I am incredibly grateful that my world stretches infinitely further than Old Mont’s, but it still feels strange to walk through Enstone and barely see a soul. Surely it’s possible to make the transition into a service economy and still retain the essence of the community that used to thrive there? Many rural communities still do, but Enstone certainly feels like a lesser place than it once was. People seem less inclined to ‘scratch old England on the back’ and more disposed to park their sports car on it instead.

I asked the Campaign to Protect Rural England about the problem of overly concentrated second homes. They told me:

We very much support local authorities using the tools available to them, including the ability to charge up to 100 per cent Council Tax on second homes, to try and achieve the right balance in their areas.

Changes to the tax system would definitely be a positive shift, and there are already signs that the government is listening. It was recently announced that the Government’s ‘Help to Buy’ scheme would not include second homes, and the Cornish local authorities have voted to scrap a 10 per cent tax break on the council tax second home owners pay. 

Tax law, however, is not the source of the problem - we live in a society where we believe that we are entitled to ‘have it all’. We are taught that if you can afford it, then you possess the right to anything and everything.

A juicy pay packet does not remove one’s responsibility to wider society. The way we live our lives will always affect those around us. So please, assorted rich people, start viewing the countryside as more than just a pretty place to relax – you’re doing more damage than you know.

 

A view down the high street of Burford in the Cotswolds. Photo: Getty
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As long as Jeremy Corbyn's Labour opponents are divided, he will rule

The leader's foes have yet to agree on when and how a challenge should take place.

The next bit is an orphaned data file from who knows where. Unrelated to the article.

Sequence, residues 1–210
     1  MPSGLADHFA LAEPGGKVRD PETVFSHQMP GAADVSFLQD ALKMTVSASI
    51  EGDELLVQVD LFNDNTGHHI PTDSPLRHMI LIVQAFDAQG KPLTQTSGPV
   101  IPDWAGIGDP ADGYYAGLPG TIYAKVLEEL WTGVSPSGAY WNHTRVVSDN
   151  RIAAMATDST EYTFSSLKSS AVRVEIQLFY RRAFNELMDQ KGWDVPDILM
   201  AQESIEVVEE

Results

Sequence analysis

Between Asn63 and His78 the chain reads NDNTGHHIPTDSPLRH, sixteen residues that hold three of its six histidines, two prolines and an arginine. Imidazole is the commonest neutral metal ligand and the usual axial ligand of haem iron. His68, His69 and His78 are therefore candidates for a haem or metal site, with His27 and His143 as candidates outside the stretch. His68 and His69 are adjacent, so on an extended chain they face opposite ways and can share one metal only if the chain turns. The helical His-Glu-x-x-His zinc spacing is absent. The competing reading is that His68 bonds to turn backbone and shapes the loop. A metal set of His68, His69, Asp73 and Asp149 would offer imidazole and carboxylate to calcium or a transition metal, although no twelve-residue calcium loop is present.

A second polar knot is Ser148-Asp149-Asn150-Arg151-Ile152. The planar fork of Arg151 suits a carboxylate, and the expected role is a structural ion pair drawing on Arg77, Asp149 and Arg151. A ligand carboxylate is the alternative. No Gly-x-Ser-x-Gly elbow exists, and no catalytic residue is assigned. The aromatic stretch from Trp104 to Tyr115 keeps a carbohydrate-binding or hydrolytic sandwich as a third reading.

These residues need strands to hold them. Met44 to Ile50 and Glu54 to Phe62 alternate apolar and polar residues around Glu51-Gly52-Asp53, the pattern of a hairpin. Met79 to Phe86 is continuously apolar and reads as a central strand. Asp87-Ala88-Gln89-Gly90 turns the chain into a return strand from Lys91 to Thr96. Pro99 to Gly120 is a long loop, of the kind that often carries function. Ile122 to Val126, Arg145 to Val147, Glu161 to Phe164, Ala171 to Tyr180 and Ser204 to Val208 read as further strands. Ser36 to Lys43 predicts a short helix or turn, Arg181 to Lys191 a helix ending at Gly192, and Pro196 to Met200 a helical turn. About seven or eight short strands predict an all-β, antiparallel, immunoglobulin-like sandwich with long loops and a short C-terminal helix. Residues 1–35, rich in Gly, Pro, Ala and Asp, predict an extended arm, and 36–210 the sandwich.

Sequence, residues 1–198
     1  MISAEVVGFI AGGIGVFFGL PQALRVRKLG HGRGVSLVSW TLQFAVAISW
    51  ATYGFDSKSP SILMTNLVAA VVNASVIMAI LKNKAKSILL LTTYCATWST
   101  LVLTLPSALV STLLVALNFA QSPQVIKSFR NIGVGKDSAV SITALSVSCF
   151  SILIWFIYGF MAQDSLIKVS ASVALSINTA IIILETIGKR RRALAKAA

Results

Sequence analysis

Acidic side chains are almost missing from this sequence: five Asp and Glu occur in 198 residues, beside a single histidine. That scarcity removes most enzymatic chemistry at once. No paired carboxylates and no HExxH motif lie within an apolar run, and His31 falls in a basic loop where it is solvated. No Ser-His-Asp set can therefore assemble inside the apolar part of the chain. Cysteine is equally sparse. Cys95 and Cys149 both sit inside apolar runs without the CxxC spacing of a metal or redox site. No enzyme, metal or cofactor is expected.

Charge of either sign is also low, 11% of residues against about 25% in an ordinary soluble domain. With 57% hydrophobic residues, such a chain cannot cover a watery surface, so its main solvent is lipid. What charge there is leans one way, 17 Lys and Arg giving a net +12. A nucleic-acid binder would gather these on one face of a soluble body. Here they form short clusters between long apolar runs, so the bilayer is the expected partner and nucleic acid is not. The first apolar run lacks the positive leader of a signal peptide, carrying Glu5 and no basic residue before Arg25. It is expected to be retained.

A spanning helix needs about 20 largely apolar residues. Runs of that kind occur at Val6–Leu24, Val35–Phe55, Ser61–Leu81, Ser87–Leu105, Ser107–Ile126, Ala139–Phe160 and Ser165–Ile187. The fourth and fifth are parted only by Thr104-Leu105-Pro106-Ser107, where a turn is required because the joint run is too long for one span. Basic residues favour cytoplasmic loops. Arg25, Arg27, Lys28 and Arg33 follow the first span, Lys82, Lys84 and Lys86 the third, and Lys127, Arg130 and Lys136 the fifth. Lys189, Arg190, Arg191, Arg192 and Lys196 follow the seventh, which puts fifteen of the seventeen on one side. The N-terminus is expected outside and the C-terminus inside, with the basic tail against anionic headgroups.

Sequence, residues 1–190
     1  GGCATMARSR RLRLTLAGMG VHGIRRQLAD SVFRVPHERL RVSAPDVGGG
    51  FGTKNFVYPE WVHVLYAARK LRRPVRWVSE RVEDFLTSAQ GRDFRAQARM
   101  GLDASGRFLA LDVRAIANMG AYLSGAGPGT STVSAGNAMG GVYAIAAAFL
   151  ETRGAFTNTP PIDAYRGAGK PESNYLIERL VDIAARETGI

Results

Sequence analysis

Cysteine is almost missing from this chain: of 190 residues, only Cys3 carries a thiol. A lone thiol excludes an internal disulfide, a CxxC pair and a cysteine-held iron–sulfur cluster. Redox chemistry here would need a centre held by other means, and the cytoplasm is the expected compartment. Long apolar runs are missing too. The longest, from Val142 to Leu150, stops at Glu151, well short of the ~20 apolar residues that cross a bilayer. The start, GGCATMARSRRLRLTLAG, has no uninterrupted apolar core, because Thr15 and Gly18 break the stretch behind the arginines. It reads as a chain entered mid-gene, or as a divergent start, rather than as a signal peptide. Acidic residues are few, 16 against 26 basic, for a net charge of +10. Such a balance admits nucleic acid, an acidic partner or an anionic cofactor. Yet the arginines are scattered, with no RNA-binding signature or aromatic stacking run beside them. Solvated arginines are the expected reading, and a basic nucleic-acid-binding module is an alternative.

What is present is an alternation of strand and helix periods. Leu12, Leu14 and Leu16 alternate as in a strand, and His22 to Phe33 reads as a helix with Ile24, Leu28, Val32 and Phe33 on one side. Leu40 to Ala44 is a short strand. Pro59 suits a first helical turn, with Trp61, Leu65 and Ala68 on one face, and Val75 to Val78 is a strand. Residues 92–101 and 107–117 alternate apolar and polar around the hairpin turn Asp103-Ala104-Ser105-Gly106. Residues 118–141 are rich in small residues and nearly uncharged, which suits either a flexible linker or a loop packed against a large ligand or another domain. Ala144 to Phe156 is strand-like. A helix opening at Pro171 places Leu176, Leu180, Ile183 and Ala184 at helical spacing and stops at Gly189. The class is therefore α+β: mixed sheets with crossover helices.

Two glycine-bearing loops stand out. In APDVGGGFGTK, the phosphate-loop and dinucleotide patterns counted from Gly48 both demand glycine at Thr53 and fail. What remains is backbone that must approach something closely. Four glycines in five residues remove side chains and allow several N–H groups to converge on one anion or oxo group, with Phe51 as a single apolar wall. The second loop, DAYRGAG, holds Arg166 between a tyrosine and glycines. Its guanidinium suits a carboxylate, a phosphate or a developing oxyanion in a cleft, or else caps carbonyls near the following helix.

Labour MPs began plotting to remove Jeremy Corbyn as leader before he even held the position. They have not stopped since. From the outset, most regarded him as electorally and morally defective. Nothing has caused them to relinquish this view.

A week before the first major elections of this parliament, Labour found itself conducting a debate normally confined to far-right internet forums: was Hitler a Zionist? For some MPs, the distress lay in how unsurprised they were by all this. Since Corbyn’s election last September, the party has become a mainstream venue for hitherto fringe discussions.

Many MPs believe that Labour will be incapable of rebuilding its standing among the Jewish community as long as Corbyn remains leader. In the 1930s, Jewish support for the party was as high as 80 per cent. “They handed you your . . . membership just after your circumcision,” quipped the father in the 1976 television play Bar Mitzvah Boy. By the time of the last general election, a poll found that support had fallen to a mere 22 per cent. It now stands at just 8.5 per cent.

Corbyn’s critics cite his typical rejection of anti-Semitism and "all forms of racism" (as if unable to condemn the former in isolation), his defence of a tweet sent by his brother, Piers (“Zionists can’t cope with anyone supporting rights for Palestine”), and his description of Hamas and Hezbollah as “friends”. The Lab­our leader dismissed the latter remark as a diplomatic nicety but such courtesy was not displayed when he addressed Labour Friends of Israel and failed to mention the country’s name. When challenged on his record of combating anti-Semitism, Corbyn frequently invokes his parents’ presence at the Battle of Cable Street, a reference that does not provide the reassurance intended. The Jewish community does not doubt that Labour has stood with it in the past. It questions whether it is prepared to stand with it in the present.